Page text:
Just like 2004: Democrats hit on Iraq, Republicans emphasize terrorist threat

In a replay of the 2004 election, McCain and Obama's campaigns do not see eye to eye on what the dominant national security issue should be. While Republicans want to frame the conversation in terms of the terrorist threat, Democrats know they would be better of by focusing on the Iraq War. Yet, something has changed in the past four years: Democrats today seem more confident than they were four years ago that they can afford to stand their ground when accused of being weak on terror.

Ever since the Supreme Court issued its decision on Guantanamo detainees last week, the right has been taking increasingly hostile positions against the ruling. After 24 hours of indecision, McCain chose to blast the SCOTUS, lamenting "one of the worst decisions in the history of this country." McCain's motivations were clear: fire up the base on an issue he can ill-afford to distance himself from Republican orthodoxy and prepare his party's general election offensive against Barack Obama.

In an interview with ABC yesterday, Obama weighed in on an issue that is likely to remain at the forefront the next 5 months by declaring that

It is my firm belief that we can track terrorists, we can crack down on threats against the United States, but we can do so within the constraints of our Constitution. And there has been no evidence on their part that we can't. (...) What we know is that, in previous terrorist attacks -- for example, the first attack against the World Trade Center, we were able to arrest those responsible, put them on trial. They are currently in U.S. prisons, incapacitated.

The McCain campaign wasted no time before blasting Obama for his alleged naivety. McCain aide Randy Scheunemann denounced Obama's suggestion that it was a good idea to prosecute the first bombers of the WTC. "These aren’t just your run of the mill drug dealers that are picked up on the South Side of Chicago," he said, reproaching Obama with "ignor[ing] that we are in a war against terrorism." And in what was the most memorable line of attack (one that had obviously been rehearsed and meant to stick), Scheunemann added that Obama's is the "perfect manifestation of a Sept. 10 mindset."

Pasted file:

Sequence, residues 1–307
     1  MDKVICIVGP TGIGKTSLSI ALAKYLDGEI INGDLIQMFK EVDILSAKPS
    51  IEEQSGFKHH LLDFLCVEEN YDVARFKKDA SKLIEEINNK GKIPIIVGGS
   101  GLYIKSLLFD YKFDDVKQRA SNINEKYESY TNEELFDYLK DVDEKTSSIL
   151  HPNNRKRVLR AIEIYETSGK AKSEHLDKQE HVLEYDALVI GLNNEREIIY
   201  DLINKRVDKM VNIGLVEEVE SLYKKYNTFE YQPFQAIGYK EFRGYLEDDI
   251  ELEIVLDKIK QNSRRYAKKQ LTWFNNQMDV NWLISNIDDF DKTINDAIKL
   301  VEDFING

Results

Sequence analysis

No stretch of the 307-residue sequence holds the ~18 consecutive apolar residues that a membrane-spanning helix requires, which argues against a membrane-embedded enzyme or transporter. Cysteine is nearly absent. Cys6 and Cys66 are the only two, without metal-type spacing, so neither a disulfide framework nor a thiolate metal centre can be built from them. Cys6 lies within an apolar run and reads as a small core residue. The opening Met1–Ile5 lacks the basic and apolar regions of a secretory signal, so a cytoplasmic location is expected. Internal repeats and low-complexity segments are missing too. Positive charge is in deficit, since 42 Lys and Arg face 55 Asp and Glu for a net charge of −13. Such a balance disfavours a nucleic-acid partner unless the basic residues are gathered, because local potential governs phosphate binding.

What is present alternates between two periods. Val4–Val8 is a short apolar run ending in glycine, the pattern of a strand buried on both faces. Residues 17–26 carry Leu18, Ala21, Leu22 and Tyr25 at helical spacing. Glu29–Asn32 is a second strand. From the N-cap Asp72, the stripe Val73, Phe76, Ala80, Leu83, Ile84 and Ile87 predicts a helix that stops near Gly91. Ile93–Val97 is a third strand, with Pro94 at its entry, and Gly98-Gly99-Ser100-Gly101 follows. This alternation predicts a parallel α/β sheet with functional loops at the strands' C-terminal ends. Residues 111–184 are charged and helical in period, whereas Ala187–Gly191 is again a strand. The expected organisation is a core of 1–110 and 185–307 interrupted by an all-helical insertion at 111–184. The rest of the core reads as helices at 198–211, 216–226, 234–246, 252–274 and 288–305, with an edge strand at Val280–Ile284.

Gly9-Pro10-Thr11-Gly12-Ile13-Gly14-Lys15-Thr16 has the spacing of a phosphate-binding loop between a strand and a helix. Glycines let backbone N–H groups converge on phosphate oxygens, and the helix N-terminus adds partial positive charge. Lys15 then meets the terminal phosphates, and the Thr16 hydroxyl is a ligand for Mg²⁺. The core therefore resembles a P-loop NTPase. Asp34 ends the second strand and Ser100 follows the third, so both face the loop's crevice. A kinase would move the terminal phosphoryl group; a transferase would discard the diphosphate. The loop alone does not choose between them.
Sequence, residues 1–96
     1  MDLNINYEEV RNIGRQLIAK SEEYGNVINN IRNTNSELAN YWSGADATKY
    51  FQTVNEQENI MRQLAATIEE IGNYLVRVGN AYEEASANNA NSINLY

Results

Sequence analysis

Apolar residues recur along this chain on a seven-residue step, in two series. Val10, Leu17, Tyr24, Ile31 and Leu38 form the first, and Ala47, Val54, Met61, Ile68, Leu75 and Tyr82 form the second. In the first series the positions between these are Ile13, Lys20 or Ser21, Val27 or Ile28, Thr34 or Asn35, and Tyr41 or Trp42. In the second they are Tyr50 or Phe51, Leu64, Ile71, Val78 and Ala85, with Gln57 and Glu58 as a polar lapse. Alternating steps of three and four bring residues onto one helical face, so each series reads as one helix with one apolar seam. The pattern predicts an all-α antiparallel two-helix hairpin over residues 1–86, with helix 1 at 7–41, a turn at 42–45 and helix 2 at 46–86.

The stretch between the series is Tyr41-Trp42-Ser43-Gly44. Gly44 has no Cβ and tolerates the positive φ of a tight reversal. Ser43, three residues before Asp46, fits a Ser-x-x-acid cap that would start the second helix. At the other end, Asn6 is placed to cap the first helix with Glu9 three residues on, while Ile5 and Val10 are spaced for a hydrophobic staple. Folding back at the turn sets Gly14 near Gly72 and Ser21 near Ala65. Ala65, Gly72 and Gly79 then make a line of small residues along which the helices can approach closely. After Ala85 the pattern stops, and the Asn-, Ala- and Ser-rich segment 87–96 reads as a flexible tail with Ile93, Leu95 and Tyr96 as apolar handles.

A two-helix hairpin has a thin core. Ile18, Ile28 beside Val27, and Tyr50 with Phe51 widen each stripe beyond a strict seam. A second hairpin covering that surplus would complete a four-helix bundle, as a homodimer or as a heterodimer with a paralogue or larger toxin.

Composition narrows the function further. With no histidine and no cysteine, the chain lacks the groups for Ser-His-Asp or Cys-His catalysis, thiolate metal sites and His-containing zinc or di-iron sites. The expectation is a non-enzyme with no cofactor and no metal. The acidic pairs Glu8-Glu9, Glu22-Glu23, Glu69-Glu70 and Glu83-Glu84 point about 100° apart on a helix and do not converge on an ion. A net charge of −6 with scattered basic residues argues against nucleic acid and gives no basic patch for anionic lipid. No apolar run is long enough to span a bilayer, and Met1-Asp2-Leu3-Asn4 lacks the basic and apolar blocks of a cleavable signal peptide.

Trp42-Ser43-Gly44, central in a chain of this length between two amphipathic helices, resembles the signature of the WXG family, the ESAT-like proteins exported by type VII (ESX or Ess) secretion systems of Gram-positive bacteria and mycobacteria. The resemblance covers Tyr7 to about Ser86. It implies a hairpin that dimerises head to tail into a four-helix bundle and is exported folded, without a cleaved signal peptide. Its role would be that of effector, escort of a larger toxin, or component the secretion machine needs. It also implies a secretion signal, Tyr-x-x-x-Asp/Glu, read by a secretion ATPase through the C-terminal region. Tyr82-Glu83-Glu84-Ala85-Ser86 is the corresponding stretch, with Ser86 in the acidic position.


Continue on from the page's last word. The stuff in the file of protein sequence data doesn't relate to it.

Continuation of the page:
There was never any doubt that the McCain campaign would go after Obama on national security, seeking to portray him as an unacceptable choice that would endanger the country's security. I am a bit surprised by the rapidity with which McCain's entourage seized on Obama's comments today. They were not particularly controversial or unexpected, after all, and the fact that the GOP attempted such sustained fire suggests this particular offensive had been coordinated and planned out much before Obama said anything to ABC. The McCain campaign seems to know exactly what they want: a clear contrast when it comes to civil liberties and the fight against terrorists.

And if there is any doubt in anyone's mind that there is such a contrast, well, McCain will not hesitate to call on Joe Lieberman to explain why the Democrats' decision to give up on protecting American security is pushing him away from his (old?!) party.

What is surprising, however, is that the Obama campaign does not appear to mind! In fact, they seem very happy to draw a stark contrast, and Obama has not shied away from giving his opinion on Boumediene. This would have been unthinkable four years ago: Democrats accepting to be defined as the protector of civil liberties and to publicly defend law enforcement for terrorist? After all, the party even ended up easily caving on the issue of wiretapping. This goes to show how much the collapse of Bush's approval rating and of the Iraq enterprise has hurt Republicans. Democrats now believe that the clearer the contrasts with John McCain the easier it will be for them to stand for change and to paint McCain as a third term for Bush.

The Democrats' preferred issue when it comes to foreign policy, of course, is the war in Iraq and they have been talking about stepping up their effort to portray McCain as a war-mongering hawk ever since his "100 year" comment spread like wildfire. Unfortunately for Dem hopes to paint McCain early, no third-party group really stepped up all these months to define McCain before he had the chance to raise money and organize his campaign. Now, however, MoveOn and AFSCME are about to start running a brutal ad remarkable for its simplicity that hits McCain on the war and specifically on the effect his professed desire to keep soldiers in Iraq for the next century could have on baby Alex:

The ad will run in the important battleground states of Ohio, Michigan and Wisconsin as well as on national cable (CNN and MSNBC). Hotline reports that the ad buy nears $500,000, a sum large enough that this effort can be described as a serious one, not just an attempt to get some free media attention. Better late than never, however. John McCain continues to over-perform his party among independents, suggesting that his moderate image still stands strong. This ad also suggests that Democrats are particularly worried about holding on to the vote of white women (the latest ABC poll shows McCain trouncing Obama in that constituency).

Update: More confirmation that the Obama campaign does not intend to shy away from this one. He personally responded to the McCain campaign's suggestions that he was weak on terror tonight by hitting the GOP right back: "Let's think about this: these are the same guys who helped engineer the distraction of the war in Iraq at a time when we could have pinned down the people who actually committed 9-11... What they're trying to do us what they've done every election cycle, which is to use terrorism as a club to make the American people afraid," Obama said."

Labels: ,


Post a Comment

Subscribe to Post Comments [Atom]

<< Home